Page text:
In the meantime, keep in touch with your customers. If you can help your most loyal customers with solutions that make the difference, you will become closer once the emergency is over.
During the emergency, leverage the purpose of your company and have leaders engage with staff frequently. Address your people’s panic and fear head-on. Be honest, be transparent, and convey that you share their concerns, but remind them that you will all get through this as one strong team.
Your financial strategy should be to preserve cash above all. Build reserves and postpone expensive projects.
CEOs should also start planning for the future after the outbreak. Although we know that the world will be different, we can not predict exact outcomes. However, you can create assumptions based on economic data and position your company. Europe and the US talk about “flattening the curve,” slowing the rate of infection instead of eliminating it. In the meantime, China is showing a V-shaped recovery. Will consumers return to their old behavior patterns such as retail shopping, going to events or will they stay online.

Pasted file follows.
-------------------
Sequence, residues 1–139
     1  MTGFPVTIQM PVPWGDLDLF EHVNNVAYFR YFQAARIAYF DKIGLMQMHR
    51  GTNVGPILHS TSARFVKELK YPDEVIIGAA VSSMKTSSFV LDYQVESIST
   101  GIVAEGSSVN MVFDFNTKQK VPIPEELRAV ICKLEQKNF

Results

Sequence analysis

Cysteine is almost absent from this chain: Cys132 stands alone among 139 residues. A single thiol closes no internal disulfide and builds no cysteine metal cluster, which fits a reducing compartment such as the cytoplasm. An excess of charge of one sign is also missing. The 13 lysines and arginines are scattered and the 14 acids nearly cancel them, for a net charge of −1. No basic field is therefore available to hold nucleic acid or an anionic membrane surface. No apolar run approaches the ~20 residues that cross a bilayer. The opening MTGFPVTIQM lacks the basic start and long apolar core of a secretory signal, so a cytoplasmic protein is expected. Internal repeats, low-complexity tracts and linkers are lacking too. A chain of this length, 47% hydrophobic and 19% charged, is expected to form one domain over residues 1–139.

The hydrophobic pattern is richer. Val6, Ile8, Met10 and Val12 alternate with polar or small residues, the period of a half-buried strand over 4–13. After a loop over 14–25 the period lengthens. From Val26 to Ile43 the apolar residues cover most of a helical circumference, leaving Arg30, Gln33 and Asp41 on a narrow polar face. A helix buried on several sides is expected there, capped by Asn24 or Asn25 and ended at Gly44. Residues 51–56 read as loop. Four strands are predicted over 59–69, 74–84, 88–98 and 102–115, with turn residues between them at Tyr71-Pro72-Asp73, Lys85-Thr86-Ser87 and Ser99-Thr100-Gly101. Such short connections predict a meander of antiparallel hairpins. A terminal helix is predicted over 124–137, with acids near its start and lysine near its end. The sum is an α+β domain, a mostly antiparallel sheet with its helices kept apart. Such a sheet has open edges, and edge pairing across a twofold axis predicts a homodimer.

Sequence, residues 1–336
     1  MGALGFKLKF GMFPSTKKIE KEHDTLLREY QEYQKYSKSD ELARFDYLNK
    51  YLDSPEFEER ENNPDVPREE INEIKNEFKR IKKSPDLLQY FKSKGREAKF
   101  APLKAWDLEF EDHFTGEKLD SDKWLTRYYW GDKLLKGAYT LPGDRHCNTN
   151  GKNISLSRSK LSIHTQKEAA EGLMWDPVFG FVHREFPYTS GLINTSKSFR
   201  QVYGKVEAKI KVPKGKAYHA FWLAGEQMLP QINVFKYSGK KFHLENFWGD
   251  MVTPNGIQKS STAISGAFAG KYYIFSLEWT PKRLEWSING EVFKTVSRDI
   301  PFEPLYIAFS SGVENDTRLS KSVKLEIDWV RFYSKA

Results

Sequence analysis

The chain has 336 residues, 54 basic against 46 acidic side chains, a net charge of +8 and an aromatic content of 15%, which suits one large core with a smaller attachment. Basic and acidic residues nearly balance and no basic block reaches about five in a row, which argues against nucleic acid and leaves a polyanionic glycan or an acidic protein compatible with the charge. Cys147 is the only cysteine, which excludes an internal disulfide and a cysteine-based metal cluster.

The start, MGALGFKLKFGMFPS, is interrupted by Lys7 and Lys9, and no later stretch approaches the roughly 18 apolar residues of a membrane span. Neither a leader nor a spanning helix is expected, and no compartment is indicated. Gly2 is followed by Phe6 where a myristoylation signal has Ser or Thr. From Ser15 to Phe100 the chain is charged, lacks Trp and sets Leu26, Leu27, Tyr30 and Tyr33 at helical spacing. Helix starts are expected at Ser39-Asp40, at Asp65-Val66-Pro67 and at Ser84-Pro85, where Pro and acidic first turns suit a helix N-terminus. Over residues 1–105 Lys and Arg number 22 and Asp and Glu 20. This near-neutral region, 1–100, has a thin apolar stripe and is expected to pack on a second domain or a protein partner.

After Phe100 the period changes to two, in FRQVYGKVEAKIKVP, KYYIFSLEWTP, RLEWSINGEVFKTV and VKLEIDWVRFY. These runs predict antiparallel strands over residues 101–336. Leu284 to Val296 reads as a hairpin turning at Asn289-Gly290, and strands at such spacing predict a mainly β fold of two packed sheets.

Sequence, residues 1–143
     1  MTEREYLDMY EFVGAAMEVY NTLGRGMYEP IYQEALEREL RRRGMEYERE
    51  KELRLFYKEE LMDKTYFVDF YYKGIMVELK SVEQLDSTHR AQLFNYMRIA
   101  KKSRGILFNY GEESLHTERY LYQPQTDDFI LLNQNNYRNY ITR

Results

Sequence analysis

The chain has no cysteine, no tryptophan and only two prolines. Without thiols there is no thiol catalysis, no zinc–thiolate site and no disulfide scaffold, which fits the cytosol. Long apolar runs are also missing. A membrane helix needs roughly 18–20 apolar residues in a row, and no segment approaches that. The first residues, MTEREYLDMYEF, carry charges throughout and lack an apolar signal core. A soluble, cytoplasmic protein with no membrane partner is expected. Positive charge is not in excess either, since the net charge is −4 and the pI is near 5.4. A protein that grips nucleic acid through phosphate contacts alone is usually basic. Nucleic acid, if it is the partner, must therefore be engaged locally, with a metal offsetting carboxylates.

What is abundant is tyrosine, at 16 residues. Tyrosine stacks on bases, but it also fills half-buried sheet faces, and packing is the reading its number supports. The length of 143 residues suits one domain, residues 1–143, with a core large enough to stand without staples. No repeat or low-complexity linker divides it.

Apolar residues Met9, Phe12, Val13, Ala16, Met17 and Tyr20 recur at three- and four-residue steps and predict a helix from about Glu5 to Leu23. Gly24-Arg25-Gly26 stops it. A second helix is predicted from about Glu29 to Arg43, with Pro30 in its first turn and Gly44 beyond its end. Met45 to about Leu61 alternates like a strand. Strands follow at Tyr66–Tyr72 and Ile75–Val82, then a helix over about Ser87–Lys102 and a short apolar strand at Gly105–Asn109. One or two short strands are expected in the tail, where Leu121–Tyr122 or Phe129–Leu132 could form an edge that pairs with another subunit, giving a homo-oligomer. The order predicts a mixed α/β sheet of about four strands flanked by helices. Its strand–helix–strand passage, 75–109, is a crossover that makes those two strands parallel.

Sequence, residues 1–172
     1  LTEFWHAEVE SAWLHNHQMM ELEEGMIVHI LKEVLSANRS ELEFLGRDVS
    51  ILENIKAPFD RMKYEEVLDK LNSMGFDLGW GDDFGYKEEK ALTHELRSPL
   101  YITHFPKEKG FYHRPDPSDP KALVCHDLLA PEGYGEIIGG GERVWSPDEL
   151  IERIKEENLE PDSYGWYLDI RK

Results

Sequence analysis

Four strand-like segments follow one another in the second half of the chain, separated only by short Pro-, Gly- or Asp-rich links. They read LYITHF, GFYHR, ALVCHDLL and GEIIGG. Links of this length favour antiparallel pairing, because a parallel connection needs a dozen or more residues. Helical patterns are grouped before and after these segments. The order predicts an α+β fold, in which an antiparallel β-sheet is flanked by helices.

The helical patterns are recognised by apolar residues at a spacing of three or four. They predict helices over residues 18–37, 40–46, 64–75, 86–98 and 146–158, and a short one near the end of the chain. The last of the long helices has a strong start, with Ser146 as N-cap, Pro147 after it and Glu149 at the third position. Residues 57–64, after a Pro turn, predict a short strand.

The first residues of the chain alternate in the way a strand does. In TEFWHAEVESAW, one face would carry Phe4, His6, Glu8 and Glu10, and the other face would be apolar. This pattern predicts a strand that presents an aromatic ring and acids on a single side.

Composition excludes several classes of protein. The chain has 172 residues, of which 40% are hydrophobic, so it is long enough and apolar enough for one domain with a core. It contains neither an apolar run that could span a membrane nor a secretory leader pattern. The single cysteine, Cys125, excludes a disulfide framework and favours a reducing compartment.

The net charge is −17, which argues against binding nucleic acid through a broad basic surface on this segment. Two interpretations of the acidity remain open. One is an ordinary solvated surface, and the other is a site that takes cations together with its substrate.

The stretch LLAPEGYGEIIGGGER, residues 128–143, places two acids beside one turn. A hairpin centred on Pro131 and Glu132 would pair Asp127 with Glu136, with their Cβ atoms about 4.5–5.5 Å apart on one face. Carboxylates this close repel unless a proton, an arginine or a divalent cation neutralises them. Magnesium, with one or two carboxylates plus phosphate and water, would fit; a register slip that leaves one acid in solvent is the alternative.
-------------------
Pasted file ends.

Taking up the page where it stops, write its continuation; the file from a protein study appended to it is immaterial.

Depending on how long the outbreak lasts, and how severe its impact is, long-term changes are likely. Will B2B customers change their buying patterns to exclusively online purchasing? How will supply chains operate, and with what new safeguards? No one knows what the future holds, but companies can keep aksing critical long questions.
Our advice to you is to keep your employees safe in work from home environment. The one clear thing is that without employees, you don’t have a company. That said, keep your employees and your company safe during a covid-19 crisis.
The key to managing uncertainty is adequate preparation and writing a comprehensive continuity plan. The company should get ready to react quickly as the economy changes. That alone makes a big difference for growth-stage companies. Done right, a company can prosper and even emerge stronger. According to Pitchbook, the point is to ensure self-sustainability if future capital raises don’t come to fruition.